Rep. Ilhan Omar (D-Minn.) Photo: Alex Wong/Getty Images

The House will vote as soon as Wednesday on a resolution condemning anti-Semitism in response to another set of controversial comments on Israel made last week by freshman Rep. Ilhan Omar (D-Minn.), the Washington Post reports.

Details: The text of the resolution does not mention Omar or specifically list any of her recent comments, according to a copy obtained by USA Today’s Eliza Collins. It does, however, condemn the use of anti-Semitic stereotypes, including “the myth of dual loyalty” — which some Democrats had accused Omar of exploiting.

  • “Whereas the myth of dual loyalty, including allegations that Jews should be suspected of being disloyal neighbors or citizens, has been used to marginalize and persecute the Jewish people for centuries for being a stateless minority.”
  • “Whereas accusing Jews of dual loyalty because they support Israel, whether out of a religious connection, a commitment to Jewish self-determination after millennia of persecution, or an appreciation of shared values and interests, suggests that Jews cannot be patriotic Americans and trusted neighbors, when Jews have served our Nation since its founding, whether in public life or military service.”

The backdrop: After "unequivocally" apologizing last month for using an anti-Semitic trope while criticizing the influence of the pro-Israel lobby, Omar reignited the anti-Semitism controversy by suggesting at an event last week that lawmakers and activists who support Israel hold "allegiance to a foreign country." Earlier on Monday, Jonathan Greenblatt, chief executive of the Anti-Defamation League urged Speaker Nancy Pelosi to table a House vote on a resolution rejecting Omar’s "latest slur."

Go deeper: Ilhan Omar clashes with top House Dem over anti-Semitism accusations

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Updated 1 hour ago - Politics & Policy

Coronavirus dashboard

Illustration: Sarah Grillo/Axios

  1. Global: Total confirmed cases as of 1:30 p.m. ET: 31,120,980 — Total deaths: 961,656— Total recoveries: 21,287,328Map.
  2. U.S.: Total confirmed cases as of 1:30 p.m. ET: 6,819,651 — Total deaths: 199,606 — Total recoveries: 2,590,671 — Total tests: 95,108,559Map.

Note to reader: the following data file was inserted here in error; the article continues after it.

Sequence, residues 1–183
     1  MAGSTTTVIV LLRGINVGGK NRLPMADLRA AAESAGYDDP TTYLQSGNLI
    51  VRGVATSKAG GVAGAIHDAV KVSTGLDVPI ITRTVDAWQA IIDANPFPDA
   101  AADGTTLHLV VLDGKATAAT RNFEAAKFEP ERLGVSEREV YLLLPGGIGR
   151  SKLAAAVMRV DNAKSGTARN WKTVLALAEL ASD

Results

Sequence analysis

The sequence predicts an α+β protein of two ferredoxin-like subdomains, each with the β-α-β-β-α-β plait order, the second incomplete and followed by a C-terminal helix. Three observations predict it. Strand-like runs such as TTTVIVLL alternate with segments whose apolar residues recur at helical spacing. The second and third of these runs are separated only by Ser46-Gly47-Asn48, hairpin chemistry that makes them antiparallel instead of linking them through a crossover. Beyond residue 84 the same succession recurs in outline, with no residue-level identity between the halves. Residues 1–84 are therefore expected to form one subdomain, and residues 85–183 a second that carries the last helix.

3. Health: CDC says it mistakenly published guidance about COVID-19 spreading through air.
  4. Politics: House Democrats file legislation to fund government through Dec. 11.
  5. Business: Unemployment concerns are growing.
  6. World: "The Wake-Up Call" warns the West about the consequences of mishandling a pandemic.

House Democrats file legislation to fund government through Dec. 11

House Speaker Nancy Pelosi (D-Calif.). Photo: Chip Somodevilla/Getty Images

House Democrats on Monday released their proposal for short-term legislation to fund the government through December 11.

Why it matters: This is Congress' chief legislative focus before the election. They must pass a continuing resolution (CR) before midnight on Oct. 1 to avoid a government shutdown — something both Hill leaders and the White House have claimed is off the table.

Updated 2 hours ago - Politics & Policy

Ruth Bader Ginsburg will lie in state in Capitol's National Statuary Hall

Photo: Getty Images

House Speaker Nancy Pelosi announced Monday that the late Supreme Court Justice Ruth Bader Ginsburg will lie in state in the Capitol's National Statuary Hall on Friday, making Ginsburg the first woman to ever receive the honor.

The state of play: The Supreme Court also announced Monday that Ginsburg will lie in repose on the front steps of the building on Wednesday and Thursday, allowing the public to pay respects to the late justice outside.